Porsche opens pop-up store in the CBD to sell cars and merchandise

The pop-up store at Guoco Tower will be used until its permanent facility in Beach Road is ready by mid-2023. ST PHOTO: CHONG JUN LIANG

SINGAPORE - The Central Business District (CBD) is not the first place that comes to mind when thinking about buying a luxury sports car.

But the CBD is where German sports car manufacturer Porsche is locating its physical showroom for its merchandise and cars. It will also be offering test drives to prospective buyers there.

Until its permanent space at Guoco Midtown in Beach Road is ready in the middle of the year, it will be operating a pop-up store at Guoco Tower in Tanjong Pagar.

Officially opened on Wednesday, the pop-up store has a coffee bar and a single car on display, and carries Porsche-branded merchandise. Parked in the building is a range of Porsche models set aside for customers to test drive.

A team of seven sales staff and six product experts are rostered to be at the showroom.

Having a showroom in the city is an initiative by Porsche Singapore, which was set up by the German manufacturer to sell cars directly to customers here.

The company replaced Stuttgart Auto from Eurokars Group, the brand’s authorised dealer in Singapore since 1985, on Jan 1 this year.

Mr Karsono Kwee, the executive chairman of Eurokars Group, sits on the advisory board of the new company as its chairman to give advice.

On Dec 31, the Porsche signage on the showroom at 29 Leng Kee Road, near Alexandra Road, was taken down, marking an end to the dealership arrangement.

With the move, Porsche no longer has any official presence along Singapore’s motor belt.

Speaking to The Straits Times on Monday ahead of the opening, Porsche’s spokesman said that Singapore is now the only place where the Stuttgart-based manufacturer has direct and absolute control over the official sales operations in a country.

This is unlike in China, Germany and the United States, where Porsche’s direct retail operations compete with independent dealers, who are also representing the brand.

In an interview on Porsche’s media website in 2020, the brand’s director of digital sales said that the company wanted customers to be able to “experience and buy all Porsche products and services” both online and offline.

The exact approach in each market where the carmaker operates is adapted to suit local conditions.

The company’s spokesman told ST that it is using the Singapore market to try out new ways of doing business, which may include processes that are not so obvious to the customers.

A more extensive online shopping portal may be rolled out, making it possible for a customer to both order a car like the limited edition $1.2 million Porsche 911 Sport Classic or “add to cart” some Porsche-branded merchandise from the comfort of home.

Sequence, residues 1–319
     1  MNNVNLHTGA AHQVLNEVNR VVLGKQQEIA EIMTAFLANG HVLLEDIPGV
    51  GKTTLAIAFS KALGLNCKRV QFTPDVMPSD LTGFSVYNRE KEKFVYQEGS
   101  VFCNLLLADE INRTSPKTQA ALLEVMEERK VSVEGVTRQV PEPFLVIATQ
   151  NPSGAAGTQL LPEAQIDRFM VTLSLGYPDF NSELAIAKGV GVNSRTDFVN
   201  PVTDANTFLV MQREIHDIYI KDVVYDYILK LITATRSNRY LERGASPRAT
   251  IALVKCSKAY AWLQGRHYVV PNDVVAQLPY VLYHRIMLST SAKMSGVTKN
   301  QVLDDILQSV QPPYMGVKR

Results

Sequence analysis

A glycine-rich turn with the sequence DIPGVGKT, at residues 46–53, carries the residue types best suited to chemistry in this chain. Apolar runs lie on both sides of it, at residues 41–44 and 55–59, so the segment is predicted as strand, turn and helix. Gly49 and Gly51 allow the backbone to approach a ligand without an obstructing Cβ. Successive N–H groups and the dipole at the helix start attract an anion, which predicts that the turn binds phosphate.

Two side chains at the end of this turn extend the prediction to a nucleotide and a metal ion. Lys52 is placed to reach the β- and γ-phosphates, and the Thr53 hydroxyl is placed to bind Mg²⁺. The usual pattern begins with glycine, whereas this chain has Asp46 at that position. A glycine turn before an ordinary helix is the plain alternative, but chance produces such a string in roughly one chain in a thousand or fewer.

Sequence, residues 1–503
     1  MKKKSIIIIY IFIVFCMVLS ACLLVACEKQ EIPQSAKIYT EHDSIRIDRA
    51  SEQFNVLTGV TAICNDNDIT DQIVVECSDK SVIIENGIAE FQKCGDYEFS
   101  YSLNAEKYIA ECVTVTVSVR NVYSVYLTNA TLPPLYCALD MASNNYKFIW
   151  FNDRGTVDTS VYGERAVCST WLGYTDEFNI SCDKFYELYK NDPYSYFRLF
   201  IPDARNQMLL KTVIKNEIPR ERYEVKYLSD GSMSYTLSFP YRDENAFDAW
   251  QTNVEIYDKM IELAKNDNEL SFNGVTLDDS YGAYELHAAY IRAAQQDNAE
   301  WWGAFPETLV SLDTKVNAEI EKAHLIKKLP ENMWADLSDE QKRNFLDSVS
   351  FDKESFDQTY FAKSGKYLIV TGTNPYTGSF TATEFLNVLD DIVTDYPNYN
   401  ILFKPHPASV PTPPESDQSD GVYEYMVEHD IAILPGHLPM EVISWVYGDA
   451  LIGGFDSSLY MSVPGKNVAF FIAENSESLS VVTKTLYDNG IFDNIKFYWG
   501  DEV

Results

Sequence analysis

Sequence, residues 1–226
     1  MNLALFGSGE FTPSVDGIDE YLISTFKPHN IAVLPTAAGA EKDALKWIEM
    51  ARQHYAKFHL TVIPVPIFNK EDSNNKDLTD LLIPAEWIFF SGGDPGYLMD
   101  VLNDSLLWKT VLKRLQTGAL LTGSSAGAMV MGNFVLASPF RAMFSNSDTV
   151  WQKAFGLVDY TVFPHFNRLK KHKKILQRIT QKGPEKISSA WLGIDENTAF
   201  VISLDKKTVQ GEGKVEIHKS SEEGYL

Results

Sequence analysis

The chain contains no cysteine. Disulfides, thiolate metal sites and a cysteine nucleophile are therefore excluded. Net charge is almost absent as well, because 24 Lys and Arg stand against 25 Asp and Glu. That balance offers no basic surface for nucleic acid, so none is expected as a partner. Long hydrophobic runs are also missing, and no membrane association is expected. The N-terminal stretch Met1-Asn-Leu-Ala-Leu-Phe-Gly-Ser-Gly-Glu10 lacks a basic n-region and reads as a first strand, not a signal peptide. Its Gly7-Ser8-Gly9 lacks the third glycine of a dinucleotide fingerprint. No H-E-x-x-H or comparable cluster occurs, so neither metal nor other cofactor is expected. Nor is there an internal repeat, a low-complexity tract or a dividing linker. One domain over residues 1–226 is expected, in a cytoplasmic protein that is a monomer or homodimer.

Currently, it is possible to research and configure a car on the brand’s website, but not place a confirmed order for a car online.

Porsche said that in the future, car buyers will be able to make their purchases completely or partially online, depending on their preference.

Mr Andre Brand, general manager of Porsche Singapore, said that prices will remain the same as before.

Even though the company is a subsidiary of the manufacturer – as opposed to a third-party – Singapore will not get preferential treatment when it comes to the allocation of specially desirable models or how quickly they will be delivered.

Mr Brand said that this is “to be fair” to other markets in the region.

Instead, his team will be working on other areas that will enhance the experience of buying and owning a Porsche, such as more unique brand partnerships and connecting directly with owners and fans.

Mr Brand said that with signs that the global supply chain is stabilising, waiting times for delivery should improve in the coming months. To have cars ready for delivery to customers, Porsche Singapore keeps some of the more popular models in stock.

For others that may be built to order, it can take many months before they arrive in the country.

This could mean the brand will likely have to continue to live with parallel importers selling Porsche cars in Singapore.

In 2021, around 200 units out of the recorded 680 Porsches registered here did not come from the official sales channel.

Parallel importers tend to price their cars lower than official channels do, and usually have a ready stock of models, so customers do not need to wait months to receive their cars. But Mr Brand said such vehicles may not have all the features enabled like officially supplied cars. An example is being able to store the driver’s preferred settings for seats and infotainment, instead of having to make adjustments every time the driver starts the car.

While the shopping experience is being overhauled, the service and repair of Porsches will continue to be undertaken by Eurokars Group, albeit only at its facility in Tanjong Penjuru, in the Pioneer area.

This facility has taken over the resources from the one in Leng Kee Road when it closed late in 2022.

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